4 Triggers Cause the Majority of Team Conflicts - Deepstash
4 Triggers Cause the Majority of Team Conflicts

4 Triggers Cause the Majority of Team Conflicts

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4 Triggers Cause the Majority of Team Conflicts

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Managing conflict in a team

Conflict management is one of the biggest fears of new managers. Conflict is not always destructive. It prevents complacency and groupthink. But it can cause havoc on your team if not managed well.

Managing conflict is a skill that few leaders are taught. However, as a new leader, you can mitigate most conflict before it gets out of hand.

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Digital communication can cause more misunderstanding as clear communication often relies on non-verbal cues. Picking the wrong communication tool can create confusion and hurt feelings.

  • Use email if you're sharing non-sensitive information that doesn't require a response.
  • Use Slack or a phone call if you're looking for a response in real-time.
  • A video call or in-person meeting is best for a situation that can lead to misinformation, discussing a sensitive topic, or delivering bad news.

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First-time managers often quantify and track everything their team members do to measure performance. It is confusing as team members don't know which tasks to prioritise and which ones are not measured. Managers may leave standards open to interpretation, which can negatively impact relationships on their team.

  • With the company's larger mission in mind, what skills, goals, and outcomes are most important for your team?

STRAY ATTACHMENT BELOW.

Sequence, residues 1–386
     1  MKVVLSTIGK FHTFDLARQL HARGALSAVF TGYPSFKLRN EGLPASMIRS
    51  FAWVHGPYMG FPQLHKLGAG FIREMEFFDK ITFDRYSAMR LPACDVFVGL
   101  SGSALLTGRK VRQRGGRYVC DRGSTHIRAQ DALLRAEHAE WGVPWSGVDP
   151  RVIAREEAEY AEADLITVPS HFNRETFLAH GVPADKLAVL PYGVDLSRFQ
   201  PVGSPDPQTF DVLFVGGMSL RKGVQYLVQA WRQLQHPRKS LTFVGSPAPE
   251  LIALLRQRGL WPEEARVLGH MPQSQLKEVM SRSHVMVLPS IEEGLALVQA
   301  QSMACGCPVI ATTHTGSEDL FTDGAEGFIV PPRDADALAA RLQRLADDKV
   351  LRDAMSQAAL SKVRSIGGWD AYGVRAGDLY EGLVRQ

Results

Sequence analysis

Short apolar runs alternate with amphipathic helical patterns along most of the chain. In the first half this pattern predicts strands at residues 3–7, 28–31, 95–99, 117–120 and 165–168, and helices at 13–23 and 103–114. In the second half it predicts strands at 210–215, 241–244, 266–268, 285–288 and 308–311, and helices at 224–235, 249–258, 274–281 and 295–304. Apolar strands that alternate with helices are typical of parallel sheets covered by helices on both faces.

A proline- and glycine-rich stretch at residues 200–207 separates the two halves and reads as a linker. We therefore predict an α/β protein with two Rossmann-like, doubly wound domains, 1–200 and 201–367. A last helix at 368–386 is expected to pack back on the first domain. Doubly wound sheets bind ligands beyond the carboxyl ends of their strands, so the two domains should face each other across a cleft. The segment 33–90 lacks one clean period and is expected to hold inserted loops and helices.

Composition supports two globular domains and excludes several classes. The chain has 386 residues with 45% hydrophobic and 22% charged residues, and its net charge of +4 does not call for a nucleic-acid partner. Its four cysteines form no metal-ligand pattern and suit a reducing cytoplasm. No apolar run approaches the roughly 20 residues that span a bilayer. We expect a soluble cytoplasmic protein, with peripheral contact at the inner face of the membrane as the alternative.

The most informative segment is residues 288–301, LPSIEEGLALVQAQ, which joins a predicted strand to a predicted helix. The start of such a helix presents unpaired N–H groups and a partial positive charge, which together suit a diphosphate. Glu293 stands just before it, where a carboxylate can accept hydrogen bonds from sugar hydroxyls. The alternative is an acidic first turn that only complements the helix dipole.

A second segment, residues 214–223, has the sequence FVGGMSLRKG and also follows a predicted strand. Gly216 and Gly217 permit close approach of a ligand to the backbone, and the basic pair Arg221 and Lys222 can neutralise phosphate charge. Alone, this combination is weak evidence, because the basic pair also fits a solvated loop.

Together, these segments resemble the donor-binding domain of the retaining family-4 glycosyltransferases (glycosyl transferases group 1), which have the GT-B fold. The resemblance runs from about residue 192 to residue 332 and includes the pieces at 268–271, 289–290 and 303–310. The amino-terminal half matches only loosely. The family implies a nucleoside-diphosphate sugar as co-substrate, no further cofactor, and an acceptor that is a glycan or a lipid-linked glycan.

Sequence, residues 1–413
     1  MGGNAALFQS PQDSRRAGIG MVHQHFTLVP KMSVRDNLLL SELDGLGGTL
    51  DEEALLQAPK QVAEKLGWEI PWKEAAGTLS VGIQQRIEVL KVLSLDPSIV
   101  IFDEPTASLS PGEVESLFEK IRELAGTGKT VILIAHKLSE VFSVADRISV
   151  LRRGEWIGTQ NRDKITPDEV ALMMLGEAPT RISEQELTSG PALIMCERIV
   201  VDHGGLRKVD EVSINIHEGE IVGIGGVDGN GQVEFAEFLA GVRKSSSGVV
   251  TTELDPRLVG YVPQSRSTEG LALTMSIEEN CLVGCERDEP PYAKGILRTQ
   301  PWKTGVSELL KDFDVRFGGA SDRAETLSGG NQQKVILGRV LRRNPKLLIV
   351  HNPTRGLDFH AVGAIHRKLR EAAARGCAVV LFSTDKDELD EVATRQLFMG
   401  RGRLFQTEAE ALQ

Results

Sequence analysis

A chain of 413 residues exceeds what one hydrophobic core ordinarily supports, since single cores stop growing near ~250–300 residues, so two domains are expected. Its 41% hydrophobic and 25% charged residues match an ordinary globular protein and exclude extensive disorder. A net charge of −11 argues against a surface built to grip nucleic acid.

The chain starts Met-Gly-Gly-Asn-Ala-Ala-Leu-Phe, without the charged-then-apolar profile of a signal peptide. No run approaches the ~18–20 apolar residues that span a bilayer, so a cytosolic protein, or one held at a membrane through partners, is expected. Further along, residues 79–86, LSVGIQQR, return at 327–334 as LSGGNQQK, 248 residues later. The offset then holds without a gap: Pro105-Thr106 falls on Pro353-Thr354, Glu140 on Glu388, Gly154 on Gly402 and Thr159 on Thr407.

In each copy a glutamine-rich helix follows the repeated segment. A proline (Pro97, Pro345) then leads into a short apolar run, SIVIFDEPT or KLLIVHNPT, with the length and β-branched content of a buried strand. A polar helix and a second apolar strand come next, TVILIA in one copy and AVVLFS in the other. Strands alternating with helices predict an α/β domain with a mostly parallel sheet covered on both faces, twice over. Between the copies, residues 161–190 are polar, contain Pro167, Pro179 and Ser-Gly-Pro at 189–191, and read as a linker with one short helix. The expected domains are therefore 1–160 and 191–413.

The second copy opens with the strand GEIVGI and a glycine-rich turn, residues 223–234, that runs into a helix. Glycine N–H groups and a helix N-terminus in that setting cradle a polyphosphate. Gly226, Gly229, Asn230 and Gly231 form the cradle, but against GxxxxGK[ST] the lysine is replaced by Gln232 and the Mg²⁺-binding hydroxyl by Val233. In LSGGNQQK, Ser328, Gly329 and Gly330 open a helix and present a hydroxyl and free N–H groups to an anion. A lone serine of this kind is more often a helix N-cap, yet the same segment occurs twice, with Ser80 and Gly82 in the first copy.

• Use a tool like Trello or Asana to help your team members track their tasks.
  • Set clear, non-ambiguous standards around how each person's performance is measured.

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Manage time expectations

Misalignment of timing or deadlines may cause conflict between team members. For example, when peers collaborate on a project and one person misinterprets how long it will take their partner to complete a task.

  • A helpful strategy is to encourage your team members to track their hours so that they know how long each task will take rather than making assumptions.
  • Review your team's trackers weekly and identify opportunities for improvement.

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Clarify task and role expectations

Assuming that someone else is responsible for completing a task may lead to missed deadlines and finger-pointing.

  • Create a guide that lays out the expectations you have of your team members, their roles, and assigned tasks. 
  • Your guide could include how tasks are assigned, how you communicate with each other, and how customer feedback gets logged and where.
  • Keep it simple. Ask your team what they expect of themselves and you and use that feedback as a starting point.

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